But he has just written a great blog post entitled Enough Already: Getting Social Media All Wrong in which he 'has a go' at some of the corporate marketing types who 'still have not got it' and are trying to use social media to their old corrupt ends.
In a nutshell Stowe says:
Drop the old speak: no more "audience", no more third-party writing, no more "wink, wink" complicity in totally false quotes and knowingly working with clients on spin instead of open dialogue.I have been saying some of this for an age - for example my article on Personally Speaking recently in InsideKnowledge Magazine and as for words like delegates, consumers, audience etc - they are words of the past. At conferences, for example, I use the word participants or simply people. If I catch anyone using the old words - I know they have not 'really got it'!
Looking back I discovered this for myself some 6 years or so ago when I first started my website and knowledge letter and realized that I did not have to write like the large corporates to establish my credentials - all I needed was to be was myself and to talk in my own voice.
Stowe elaborates on his comments - enjoy: (my bolding by the way!)
Please, please, please don't talk about audiences when you are theoretically promoting social media. As Jay Rosen has suggested, we are the people formerly known as the audience. Blogging is not just another channel for corporate marketing types to push their messages to markets, eyeballs, or audiences. Social media is based on the dynamic of a many-to-many dialogue between people. Yes, people: that's the word that should have been used. Not audience. If you'd like to make a distinction between a company and those outside the company, just remember: they are not an audience for your messages, any more than you are an audience for theirs. The whole point is that the people formerly known at the audience -- the edglings, as I call us -- are participating in the blogosphere, and if individuals within companies want to, they can participate: as individuals. Companies don't blog, or converse: people do.Well said Stowe!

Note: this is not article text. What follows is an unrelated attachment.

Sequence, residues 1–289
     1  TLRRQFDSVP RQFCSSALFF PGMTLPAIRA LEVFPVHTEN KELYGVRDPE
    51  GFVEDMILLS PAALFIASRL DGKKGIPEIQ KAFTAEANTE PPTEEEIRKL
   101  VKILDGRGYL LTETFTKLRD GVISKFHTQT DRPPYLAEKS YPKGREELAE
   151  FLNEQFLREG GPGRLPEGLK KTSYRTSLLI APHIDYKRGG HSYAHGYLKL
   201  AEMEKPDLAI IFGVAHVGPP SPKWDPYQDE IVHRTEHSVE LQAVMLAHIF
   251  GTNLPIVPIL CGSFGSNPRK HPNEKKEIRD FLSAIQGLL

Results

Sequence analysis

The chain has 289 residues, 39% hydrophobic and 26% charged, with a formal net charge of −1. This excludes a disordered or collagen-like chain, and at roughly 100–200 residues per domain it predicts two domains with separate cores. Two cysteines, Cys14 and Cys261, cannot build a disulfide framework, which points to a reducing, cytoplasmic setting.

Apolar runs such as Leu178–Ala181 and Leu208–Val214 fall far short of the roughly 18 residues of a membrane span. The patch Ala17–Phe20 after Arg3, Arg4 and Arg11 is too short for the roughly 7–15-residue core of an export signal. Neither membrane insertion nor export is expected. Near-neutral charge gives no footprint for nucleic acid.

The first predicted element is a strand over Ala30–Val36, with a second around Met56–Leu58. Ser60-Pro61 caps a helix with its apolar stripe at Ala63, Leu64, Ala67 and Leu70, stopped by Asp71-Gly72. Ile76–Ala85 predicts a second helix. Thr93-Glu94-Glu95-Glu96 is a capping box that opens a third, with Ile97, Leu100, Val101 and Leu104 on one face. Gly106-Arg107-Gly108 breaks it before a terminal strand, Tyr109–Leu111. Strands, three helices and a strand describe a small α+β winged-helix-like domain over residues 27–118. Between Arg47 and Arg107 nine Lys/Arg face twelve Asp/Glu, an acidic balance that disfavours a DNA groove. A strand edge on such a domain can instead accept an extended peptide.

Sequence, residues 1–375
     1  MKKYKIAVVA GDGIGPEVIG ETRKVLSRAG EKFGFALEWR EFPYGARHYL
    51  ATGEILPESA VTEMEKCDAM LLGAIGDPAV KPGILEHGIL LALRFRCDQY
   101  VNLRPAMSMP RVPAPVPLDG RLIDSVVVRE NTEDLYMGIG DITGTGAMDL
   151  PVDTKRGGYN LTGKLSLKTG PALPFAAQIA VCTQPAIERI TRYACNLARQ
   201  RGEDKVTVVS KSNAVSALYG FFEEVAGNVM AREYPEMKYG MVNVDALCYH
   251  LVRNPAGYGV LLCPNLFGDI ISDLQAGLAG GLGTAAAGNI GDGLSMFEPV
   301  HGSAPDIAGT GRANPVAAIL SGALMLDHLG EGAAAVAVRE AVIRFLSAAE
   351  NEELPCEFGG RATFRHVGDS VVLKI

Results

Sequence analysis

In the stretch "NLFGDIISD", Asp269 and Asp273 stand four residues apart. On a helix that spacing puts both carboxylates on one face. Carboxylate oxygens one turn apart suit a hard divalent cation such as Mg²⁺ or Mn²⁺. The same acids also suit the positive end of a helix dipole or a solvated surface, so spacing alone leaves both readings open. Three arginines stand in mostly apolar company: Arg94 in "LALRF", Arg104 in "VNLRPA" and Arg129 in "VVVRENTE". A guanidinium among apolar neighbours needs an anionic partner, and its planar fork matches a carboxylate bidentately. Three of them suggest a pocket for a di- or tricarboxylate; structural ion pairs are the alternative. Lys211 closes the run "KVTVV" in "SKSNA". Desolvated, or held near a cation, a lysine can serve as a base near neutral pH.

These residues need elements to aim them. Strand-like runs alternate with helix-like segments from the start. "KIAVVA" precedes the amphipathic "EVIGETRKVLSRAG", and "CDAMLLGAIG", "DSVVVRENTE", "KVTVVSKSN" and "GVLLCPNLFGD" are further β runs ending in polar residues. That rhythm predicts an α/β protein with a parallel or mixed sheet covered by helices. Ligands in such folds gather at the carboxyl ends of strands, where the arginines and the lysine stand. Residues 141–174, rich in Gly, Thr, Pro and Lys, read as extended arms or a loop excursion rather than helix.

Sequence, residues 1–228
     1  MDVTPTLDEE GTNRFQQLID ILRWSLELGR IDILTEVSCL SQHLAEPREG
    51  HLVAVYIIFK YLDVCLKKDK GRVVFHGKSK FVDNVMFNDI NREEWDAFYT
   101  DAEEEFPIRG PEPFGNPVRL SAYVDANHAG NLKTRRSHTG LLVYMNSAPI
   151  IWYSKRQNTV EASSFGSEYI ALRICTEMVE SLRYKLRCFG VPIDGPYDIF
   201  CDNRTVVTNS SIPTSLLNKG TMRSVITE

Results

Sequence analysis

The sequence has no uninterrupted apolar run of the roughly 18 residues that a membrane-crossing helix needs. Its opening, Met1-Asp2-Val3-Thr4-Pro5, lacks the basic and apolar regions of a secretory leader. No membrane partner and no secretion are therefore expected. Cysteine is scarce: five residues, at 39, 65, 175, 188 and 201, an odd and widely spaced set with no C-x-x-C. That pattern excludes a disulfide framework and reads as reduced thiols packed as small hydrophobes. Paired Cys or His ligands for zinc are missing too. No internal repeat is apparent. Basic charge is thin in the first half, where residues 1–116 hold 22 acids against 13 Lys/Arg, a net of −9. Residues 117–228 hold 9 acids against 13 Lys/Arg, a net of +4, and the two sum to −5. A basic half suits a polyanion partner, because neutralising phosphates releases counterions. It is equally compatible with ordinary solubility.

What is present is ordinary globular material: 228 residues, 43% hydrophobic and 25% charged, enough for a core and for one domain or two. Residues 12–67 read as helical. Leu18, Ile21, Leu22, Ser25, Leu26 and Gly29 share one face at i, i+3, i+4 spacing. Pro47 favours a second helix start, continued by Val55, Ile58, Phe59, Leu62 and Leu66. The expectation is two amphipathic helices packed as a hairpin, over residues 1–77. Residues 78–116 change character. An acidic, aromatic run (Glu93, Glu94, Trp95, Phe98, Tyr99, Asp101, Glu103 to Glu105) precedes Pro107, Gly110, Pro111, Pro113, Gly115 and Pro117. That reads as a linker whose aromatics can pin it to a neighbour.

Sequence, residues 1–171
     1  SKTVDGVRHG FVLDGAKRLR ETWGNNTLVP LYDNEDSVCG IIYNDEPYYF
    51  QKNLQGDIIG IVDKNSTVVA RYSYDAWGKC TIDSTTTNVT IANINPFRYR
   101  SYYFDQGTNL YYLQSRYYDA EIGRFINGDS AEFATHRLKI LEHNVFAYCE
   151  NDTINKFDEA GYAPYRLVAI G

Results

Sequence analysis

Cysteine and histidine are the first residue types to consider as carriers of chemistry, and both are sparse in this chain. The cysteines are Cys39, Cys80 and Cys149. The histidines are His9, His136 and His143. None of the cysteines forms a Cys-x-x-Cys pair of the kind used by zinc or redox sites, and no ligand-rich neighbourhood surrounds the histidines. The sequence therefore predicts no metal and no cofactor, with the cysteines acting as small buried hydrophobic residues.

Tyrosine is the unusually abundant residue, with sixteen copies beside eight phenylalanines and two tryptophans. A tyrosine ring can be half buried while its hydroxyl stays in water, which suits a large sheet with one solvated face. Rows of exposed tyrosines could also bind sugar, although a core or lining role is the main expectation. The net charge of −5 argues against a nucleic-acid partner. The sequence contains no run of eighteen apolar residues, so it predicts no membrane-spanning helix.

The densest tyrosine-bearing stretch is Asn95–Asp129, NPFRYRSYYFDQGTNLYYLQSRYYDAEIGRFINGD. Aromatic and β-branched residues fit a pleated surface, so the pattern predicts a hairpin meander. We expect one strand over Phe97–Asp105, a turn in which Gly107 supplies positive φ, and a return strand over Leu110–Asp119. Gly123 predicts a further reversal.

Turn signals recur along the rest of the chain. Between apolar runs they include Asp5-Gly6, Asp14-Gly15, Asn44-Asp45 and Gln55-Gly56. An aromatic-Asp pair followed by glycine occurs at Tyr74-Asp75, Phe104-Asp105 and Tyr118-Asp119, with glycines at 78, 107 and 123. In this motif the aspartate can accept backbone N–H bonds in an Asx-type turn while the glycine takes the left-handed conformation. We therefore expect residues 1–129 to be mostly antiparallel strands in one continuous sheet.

The "wink, wink, nudge, nudge" complicity of leading PR bloggers around serious flaws in the conventional notions of PR is lamentable. For example, seeing the bloggers acknowledge on one hand that CEOs don't actually provide those quotes that are stuck into press releases while on the other hand promoting transparency and openness in corporate communications was more than painful. We should simply state, unequivocally, that such things are not social media: they are old style, push marketing crap. They are exactly the things that lead us to question the motives, influence, and truthfulness of stupid, old line companies who just don't get it.
I could similarly howl about the disembodied third-person voice of press releases, which also does not translate into social media. Everything is written by someone, or a specific group of people, but press releases read like the stone tablets that Moses brought down from Mount Sinai: written by the omniscient hand of God. Likewise the excessive hyperbole and surfeit of superlatives of press releases is distasteful at the least, and demeaning at the most.